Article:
The "German Problem" then and now: from the threat of a German Europe to the edification of an European Germany
The "German Problem" then an now: from the threat of a German Europe to the edification of an European Germany
Subject(s): Politics / Political Sciences
Published by: Departamentul de Studii Internaţionale al Universităţii Babeş-Bolyai din Cluj Napoca
Keywords: "German Problem"; national identity; Cold War; civilian power; European Germany.
Summary/Abstract: As Thomas Mann argued about postwar Germany, its future depended on its power to return to its European cultural, economical and political sources. The desideratum of a German Europe was eradicated from political and military agendas of its new leaders, but especially from the minds of the ordinary Germans. The core and also the stake of the Cold War, the ‘German Problem’ was offered a sustained European and international response which eventually transformed the former unstable and aggressive power into the stability center of the European project. The new German identity can be understood only in the broader context of the European Union as an enlarged form of a cultural and political community, both containing the ‘German Problem’ and also ensuring and enriching its development. Starting with Bismarck’s Germany and ending with the post-Cold War Germany, this study proposes an analysis of the metamorphosis the German identity was subjected to as a corollary of the German behavior within the international context. The source of change trough which the Germans perceived themselves and the others was, on its turn, internationally induced: as socio- constructivist theorists argues, states, as communities, extract their identities trough a peremptory interaction with the international environment. The process is ongoing and entails gradual transformations both for international actors and their milieu, which proves that identities are not given, objective, fixed, but permanently subjected to changes coming from a multitude of directions. The German identity experienced this kind of change most intensely after the end of the Second World War, when it renounced its Prussian legacy in favor of its European one.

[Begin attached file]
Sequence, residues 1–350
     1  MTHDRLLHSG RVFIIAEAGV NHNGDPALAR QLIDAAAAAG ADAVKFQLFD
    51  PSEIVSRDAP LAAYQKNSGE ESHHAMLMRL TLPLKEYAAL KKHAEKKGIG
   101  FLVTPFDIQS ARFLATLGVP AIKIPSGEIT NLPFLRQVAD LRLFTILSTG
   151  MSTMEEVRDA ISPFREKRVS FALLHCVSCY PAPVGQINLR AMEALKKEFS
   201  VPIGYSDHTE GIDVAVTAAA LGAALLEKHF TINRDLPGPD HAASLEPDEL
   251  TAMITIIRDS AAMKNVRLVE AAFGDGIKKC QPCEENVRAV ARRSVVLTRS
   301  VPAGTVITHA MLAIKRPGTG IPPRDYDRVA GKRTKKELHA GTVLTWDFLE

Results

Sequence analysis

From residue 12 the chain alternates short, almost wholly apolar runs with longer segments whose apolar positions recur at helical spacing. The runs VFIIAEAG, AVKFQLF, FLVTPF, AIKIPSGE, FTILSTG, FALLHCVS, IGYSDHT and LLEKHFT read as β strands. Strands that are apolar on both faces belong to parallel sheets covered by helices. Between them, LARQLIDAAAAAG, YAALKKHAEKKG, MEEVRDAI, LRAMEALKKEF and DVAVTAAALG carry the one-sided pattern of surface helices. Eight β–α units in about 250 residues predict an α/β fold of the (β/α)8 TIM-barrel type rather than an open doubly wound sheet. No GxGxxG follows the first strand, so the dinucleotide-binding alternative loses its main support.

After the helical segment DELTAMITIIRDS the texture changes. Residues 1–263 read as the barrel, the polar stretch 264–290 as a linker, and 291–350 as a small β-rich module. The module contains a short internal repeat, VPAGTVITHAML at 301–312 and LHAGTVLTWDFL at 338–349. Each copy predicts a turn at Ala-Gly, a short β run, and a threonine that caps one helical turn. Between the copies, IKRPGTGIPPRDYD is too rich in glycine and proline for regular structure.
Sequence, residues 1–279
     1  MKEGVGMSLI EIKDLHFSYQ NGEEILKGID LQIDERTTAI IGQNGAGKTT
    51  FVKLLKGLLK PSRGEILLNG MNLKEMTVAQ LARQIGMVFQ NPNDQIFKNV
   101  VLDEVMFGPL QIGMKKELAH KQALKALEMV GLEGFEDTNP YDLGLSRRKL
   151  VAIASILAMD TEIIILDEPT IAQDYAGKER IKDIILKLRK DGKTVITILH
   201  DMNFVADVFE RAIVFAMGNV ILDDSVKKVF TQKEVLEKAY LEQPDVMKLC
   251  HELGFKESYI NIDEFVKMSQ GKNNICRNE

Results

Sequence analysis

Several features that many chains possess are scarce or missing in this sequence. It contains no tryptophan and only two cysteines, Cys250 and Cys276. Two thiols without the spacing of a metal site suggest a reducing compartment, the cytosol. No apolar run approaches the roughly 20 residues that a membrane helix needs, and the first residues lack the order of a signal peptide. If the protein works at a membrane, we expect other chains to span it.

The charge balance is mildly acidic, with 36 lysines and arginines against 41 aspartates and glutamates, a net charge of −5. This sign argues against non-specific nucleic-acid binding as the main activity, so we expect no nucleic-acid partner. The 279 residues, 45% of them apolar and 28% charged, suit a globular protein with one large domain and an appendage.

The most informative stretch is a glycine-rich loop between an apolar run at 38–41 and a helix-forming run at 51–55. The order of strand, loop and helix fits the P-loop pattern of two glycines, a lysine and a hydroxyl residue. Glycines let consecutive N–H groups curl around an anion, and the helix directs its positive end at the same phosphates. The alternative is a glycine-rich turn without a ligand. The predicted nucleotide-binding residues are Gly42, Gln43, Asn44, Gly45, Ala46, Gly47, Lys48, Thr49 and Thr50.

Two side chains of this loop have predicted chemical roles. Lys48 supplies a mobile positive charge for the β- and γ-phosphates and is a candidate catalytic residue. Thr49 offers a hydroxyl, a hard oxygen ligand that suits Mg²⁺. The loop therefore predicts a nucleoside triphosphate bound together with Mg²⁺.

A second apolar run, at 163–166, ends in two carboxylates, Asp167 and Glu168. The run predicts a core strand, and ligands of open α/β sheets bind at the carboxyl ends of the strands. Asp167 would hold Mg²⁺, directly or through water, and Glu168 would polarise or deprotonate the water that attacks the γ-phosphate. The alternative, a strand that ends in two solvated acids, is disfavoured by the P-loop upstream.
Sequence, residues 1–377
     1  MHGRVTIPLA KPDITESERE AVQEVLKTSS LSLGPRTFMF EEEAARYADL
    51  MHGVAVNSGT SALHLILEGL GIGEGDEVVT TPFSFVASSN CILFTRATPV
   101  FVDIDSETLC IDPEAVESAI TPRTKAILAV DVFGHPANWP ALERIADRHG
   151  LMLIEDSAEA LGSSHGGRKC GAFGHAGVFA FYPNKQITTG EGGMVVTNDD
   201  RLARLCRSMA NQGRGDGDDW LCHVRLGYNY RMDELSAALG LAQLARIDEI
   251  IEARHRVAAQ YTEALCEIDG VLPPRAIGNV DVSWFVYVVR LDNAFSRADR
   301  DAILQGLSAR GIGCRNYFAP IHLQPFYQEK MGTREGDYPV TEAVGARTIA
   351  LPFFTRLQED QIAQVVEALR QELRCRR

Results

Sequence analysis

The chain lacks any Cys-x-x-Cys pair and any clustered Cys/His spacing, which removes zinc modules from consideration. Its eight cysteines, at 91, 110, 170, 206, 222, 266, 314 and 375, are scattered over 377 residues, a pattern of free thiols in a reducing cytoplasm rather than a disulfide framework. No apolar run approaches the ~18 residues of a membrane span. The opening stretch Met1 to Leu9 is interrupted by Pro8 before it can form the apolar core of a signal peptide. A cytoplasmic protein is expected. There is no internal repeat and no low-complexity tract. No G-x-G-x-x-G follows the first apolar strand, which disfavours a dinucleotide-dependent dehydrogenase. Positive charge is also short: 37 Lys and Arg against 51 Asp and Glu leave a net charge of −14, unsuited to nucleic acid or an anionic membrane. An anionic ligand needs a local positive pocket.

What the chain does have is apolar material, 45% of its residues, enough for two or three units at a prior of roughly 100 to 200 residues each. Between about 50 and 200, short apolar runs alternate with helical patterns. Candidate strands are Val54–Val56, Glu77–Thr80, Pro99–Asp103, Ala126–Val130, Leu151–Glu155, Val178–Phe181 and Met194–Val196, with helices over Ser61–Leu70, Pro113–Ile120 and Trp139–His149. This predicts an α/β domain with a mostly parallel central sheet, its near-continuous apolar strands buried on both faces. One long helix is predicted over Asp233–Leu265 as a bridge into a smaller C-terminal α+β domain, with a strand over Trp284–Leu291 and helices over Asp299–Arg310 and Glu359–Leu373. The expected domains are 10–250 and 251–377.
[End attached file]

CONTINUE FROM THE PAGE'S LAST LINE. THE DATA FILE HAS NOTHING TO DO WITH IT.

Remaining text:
- Issue Year: 2009
- Issue No: 2
- Page Range: 23-63
- Page Count: 41
- Language: English